T2-18: Trends in collective bargaining

7 September 2019, 09:00–10:30

Chair: Harry Katz


Low wage growth

Decentralised bargaining in Australia and Denmark compared

Søren Kaj Andersen, FAOS, University of Copenhagen
Russell D. Lansbury, The University of Sydney Business School
Chris F. Wright, The University of Sydney Business School

This paper departs from recent debates in Australia and Denmark on low wage growth (Wright 2018, Andersen 2018). These two countries are typically characterized as ‘most different’ employment relations systems in as much as the Australian labour market is liberal while the Danish is embedded in a Social Democratic coordinated economy. The question – or puzzle – is why do we see apparently similar debates on low wage growth in these two countries? What are the differences and similarities in the debates; is low wage growth equally outspoken in the two countries; is it effecting specific parts of the economy or a more general phenomenon?

In answering this question, we adopt a two-phase approach, firstly presenting and discussing wage trends in manufacturing and private services in the past ten years. Manufacturing is included as this is the key-bargaining sector in the two countries to varying degrees setting the pace for wage trends in other parts of the economy. Contrary we expect that private services to a lesser or larger extend is lagging behind wage trends in manufacturing.

Secondly, we will do a case study of how wages are actually being settled in the two sectors in the both Australia and Denmark. Both countries have over recent decades been through a decentralization of wage bargaining, although this has happened in very distinct ways in the two countries. Australia characterized by a legalistic pathway based on the award system creating a floor for wages with the possibility of company agreements replacing the industry award. In contrast, Denmark is enshrined in a system of coordinated sectoral bargaining with certain bargaining competences delegated to the company level (Andersen, Kaine & Lansbury 2017). Further, this approach allows a testing of theories of sectoral institutions and their influence across national systems (cf. Katz & Darbishire 2000; Bechter et al. 2012). In this case by an in depth comparison of two identical sectors in a European coordinated market economy (Denmark) with a non-European liberal market economy (Australia) through a ‘most different’ case study lens.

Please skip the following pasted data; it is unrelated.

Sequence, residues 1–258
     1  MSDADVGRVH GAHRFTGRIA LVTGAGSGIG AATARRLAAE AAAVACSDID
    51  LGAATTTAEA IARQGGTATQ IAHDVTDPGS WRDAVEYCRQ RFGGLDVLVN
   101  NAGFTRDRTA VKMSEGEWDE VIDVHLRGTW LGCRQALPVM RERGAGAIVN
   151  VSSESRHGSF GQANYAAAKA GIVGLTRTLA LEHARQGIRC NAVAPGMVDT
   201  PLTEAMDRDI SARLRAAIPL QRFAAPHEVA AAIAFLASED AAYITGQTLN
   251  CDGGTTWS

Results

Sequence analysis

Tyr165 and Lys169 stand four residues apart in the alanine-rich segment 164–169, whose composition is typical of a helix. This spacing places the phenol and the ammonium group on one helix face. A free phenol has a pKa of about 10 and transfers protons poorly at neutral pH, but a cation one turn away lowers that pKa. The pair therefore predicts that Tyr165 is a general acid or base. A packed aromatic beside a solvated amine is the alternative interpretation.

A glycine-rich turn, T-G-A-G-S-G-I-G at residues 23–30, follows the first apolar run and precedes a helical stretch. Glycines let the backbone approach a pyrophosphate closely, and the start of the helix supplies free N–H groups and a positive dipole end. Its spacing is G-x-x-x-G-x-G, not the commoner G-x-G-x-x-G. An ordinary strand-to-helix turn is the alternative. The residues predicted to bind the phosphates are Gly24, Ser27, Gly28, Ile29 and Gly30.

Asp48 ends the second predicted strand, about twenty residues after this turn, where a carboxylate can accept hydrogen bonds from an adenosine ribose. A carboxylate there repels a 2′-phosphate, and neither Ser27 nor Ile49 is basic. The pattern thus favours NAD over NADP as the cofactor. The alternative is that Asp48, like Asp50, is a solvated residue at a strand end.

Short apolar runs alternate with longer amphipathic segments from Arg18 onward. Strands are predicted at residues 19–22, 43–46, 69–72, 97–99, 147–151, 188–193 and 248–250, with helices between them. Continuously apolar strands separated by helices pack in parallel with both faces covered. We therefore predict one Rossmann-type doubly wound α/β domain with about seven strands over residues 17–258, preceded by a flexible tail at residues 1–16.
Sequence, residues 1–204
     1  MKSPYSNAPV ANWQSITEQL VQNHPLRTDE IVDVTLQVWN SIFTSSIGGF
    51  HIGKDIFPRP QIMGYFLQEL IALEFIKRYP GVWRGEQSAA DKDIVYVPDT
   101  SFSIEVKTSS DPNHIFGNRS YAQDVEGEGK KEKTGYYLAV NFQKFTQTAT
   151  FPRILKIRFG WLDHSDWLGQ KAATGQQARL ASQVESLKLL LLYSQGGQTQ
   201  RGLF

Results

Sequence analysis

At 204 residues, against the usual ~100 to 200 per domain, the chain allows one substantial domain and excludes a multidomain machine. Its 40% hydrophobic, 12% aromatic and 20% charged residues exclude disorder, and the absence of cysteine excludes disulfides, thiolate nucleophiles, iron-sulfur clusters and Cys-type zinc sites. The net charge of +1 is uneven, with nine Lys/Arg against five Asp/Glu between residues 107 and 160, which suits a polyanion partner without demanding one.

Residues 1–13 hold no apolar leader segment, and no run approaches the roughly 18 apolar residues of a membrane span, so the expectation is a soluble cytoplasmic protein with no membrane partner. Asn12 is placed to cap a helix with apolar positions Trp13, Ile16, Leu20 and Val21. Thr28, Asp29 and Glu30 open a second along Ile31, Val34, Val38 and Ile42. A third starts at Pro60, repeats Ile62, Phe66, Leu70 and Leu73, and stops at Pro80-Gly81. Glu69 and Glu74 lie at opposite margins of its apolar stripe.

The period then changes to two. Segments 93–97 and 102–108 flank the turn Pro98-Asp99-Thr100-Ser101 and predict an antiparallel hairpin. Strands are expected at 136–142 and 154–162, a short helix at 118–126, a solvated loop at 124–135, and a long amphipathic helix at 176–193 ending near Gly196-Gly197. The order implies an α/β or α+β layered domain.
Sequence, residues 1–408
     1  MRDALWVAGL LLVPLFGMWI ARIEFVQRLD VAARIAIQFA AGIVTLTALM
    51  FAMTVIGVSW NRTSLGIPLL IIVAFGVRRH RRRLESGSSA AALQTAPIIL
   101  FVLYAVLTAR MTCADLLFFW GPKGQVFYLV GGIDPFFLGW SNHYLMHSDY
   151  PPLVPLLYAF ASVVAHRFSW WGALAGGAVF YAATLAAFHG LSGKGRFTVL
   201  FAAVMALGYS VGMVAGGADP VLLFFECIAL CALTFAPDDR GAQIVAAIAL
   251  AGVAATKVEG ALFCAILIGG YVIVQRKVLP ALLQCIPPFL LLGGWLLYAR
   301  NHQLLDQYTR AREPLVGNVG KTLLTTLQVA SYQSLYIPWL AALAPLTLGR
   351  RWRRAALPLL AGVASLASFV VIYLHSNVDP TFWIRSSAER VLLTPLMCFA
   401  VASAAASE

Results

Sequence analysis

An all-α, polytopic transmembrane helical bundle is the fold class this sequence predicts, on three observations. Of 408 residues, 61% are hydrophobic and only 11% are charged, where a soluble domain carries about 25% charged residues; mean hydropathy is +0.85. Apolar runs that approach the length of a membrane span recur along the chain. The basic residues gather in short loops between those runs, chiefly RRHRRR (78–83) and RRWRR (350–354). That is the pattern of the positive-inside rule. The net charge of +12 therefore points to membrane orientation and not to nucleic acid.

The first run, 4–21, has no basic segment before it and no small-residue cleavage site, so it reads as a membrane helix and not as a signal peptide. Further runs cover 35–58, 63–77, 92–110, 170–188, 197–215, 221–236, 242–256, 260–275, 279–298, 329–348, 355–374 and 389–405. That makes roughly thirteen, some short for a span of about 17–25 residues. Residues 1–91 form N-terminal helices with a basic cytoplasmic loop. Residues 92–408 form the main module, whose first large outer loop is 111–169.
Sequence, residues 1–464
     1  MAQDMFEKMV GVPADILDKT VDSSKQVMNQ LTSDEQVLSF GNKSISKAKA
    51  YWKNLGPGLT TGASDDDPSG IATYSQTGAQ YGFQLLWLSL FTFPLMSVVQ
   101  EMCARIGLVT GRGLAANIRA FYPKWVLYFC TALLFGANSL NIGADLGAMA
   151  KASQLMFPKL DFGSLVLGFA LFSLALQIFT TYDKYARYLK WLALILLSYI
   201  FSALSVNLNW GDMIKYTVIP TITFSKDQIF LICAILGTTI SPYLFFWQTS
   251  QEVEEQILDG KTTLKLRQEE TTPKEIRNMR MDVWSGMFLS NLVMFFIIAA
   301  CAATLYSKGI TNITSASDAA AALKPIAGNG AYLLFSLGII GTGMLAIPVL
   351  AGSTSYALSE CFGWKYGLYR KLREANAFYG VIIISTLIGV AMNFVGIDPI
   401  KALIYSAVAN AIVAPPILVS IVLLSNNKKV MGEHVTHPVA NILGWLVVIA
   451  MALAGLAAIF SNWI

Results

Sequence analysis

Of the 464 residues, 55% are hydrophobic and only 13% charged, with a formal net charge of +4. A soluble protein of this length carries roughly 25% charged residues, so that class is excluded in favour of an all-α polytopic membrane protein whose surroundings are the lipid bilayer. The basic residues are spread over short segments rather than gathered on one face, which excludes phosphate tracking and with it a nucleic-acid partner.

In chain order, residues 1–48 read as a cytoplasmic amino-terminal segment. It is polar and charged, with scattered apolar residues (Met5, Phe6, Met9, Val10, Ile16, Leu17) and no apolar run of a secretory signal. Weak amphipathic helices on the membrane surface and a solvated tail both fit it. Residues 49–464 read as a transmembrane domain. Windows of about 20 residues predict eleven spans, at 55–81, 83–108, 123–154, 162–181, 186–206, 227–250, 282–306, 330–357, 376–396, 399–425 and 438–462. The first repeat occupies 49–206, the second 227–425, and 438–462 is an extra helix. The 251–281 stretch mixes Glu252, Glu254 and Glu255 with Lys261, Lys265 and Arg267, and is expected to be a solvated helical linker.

A number of assumptions will guide the case study. Firstly, we expect that company level wage bargaining in Danish manufacturing is more encompassing compared to the Australian case, also meaning that Danish employees have a stronger position vis-à-vis employers than Australian manufacturing employees. This assumption is building on previous research showing that the negotiation based Danish employment relations system offer better opportunities for reproducing the local partnership than the legally enacted Australian system of company level bargaining (Ilsøe, Pekarek & Fells 2018). Secondly, we expect that wage trends in service sectors will be lagging behind manufacturing due to lower collective bargaining coverage and weaker trade union presence in both countries, although with significant differences between the two countries, as we expect the coordinated Danish bargaining system to ensure at least partly wage catch-up for service sector workers. Thirdly, we expect both sectors in both countries to be affected by certain global trends. These include a low inflationary economic regime potentially hindering wage growth; changing global value chains including manufacturing firms offshoring production and service sector companies employing migrant workers all affecting wage trends in the industries.